Monday, June 3, 2013

How to talk to kids about racism

It was Field Day at our elementary school and I was tense. My oldest had behavior trouble on Field Day in Kindergarten and first grade. The lack of routine and structure just brings out his wild side. I prayed that second grade would be different...third time's a charm, right?

It wasn't.

"Curse you, Field Day!" I cried when the school's phone number popped up on my caller ID. I wasn't surprised...until the administrator told me this:

"Your son made a racially insensitive comment."

My son? A racist?

If you ever want me to stop talking, tell me that. I was speechless. I was embarrassed. I was disappointed in him. But I was even more disappointed in myself. Yes, I felt blame for his bad choice because I have this huge parenting flaw that makes me think I can teach my kids so effectively they won't make idiotic choices. I blame myself for that misguided belief, too.

Ok- here's the situation: At one of the (accursed) Field Day stations, a mother who is Asian was helping the kids. My son repeated one those rhymes that includes the word "Chinese," uses pidgin English and implies that Chinese people are dumb. I know the rhyme. I heard it as a kid. Maybe you did, too. Probably we laughed as we repeated it in our childhood.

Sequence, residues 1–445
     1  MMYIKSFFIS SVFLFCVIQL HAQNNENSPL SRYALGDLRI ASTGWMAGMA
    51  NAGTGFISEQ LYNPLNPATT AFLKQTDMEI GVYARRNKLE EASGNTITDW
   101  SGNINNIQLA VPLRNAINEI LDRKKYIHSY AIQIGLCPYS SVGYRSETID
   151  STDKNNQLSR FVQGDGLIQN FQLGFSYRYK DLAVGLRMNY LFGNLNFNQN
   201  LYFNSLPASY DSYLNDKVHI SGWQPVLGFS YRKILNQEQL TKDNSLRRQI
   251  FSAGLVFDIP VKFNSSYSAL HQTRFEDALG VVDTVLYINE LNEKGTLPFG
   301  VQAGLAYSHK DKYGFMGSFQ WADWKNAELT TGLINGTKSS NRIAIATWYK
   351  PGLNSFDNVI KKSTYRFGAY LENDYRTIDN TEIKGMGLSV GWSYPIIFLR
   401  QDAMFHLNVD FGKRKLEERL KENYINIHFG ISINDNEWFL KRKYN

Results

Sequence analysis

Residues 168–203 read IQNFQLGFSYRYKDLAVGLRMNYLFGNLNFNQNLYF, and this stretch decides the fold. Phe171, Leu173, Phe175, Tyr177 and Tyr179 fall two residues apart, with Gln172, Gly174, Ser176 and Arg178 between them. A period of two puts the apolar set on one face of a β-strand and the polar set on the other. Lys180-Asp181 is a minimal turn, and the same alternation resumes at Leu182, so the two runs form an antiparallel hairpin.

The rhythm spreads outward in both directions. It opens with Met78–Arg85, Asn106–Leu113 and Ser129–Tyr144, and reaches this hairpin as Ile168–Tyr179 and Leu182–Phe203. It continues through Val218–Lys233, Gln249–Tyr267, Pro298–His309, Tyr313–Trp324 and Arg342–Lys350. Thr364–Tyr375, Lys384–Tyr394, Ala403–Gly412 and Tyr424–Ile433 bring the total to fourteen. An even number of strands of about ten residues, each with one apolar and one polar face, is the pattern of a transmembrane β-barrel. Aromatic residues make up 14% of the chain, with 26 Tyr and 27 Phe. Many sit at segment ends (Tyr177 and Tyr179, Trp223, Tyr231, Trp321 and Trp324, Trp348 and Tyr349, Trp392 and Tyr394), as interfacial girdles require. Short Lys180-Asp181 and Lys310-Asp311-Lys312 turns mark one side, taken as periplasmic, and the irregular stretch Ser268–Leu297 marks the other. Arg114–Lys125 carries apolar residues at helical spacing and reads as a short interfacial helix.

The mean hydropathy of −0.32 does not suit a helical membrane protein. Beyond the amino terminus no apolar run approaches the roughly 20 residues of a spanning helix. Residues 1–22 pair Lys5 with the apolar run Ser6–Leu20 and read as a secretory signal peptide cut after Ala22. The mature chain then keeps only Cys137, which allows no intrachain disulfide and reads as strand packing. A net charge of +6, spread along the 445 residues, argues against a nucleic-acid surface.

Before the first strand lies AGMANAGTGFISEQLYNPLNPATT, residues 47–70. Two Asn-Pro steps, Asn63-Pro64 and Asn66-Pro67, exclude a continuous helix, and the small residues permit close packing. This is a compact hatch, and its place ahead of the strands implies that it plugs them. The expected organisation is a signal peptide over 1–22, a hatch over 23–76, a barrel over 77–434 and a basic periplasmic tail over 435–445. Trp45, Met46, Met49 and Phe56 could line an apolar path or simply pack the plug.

But I'm more informed now. I'm a diversity trainer for non-profits in this city. I taught The Autobiography of Malcolm X to hundreds of undergrads. I read books about racial identity in my spare time! I'm not a racist for God's sake!!

And yet...according to the definition offered by Dr. Tatum in her book, Why Are All the Black Kids Sitting Together in the Cafeteria?, I am a racist if I benefit from the institutionalized preferences and prejudices based on skin color that exist in our society and I don't actively work to change the system.

Dr. Tatum also argues that parents should not aim to raise their children as "color-blind." She encourages parents to talk openly about differences in appearance and discuss the prejudices and injustices that exist based on appearance because this very awareness can help the next generation make a positive difference.

Now it's been a few weeks since this happened, and I've gained some perspective on my son's behavior. I can accept the fact that he said this rhyme because he saw someone who looked - to him - Chinese and it just popped into his head. He does not know the history of racism like I do. But he does know better than to call anyone dumb. And I've changed my parenting approach to discussing racism. I used to think I could protect my kids from developing a racist attitude. You can read about my naiveté here. Now I think that's not enough. I believe now I need to help them be on the lookout for prejudice and work with them to create an equitable, respectful society.

On the lookout - together - for a chance to do good

When my son came home, we didn't talk about what happened. I was too upset. This subject needed a calm, but meaningful, discussion and my husband handled it that evening. He talked about the many ways people have been horrible to each other just because of how they look. I was grateful that my husband did that first discussion, but I know this isn't over. We're going to discuss racism and other forms of prejudice much more frequently so we can all work to make things better.

Here are some tips from Parenting.com about talking with your children about racism, featuring Dr. Tatum.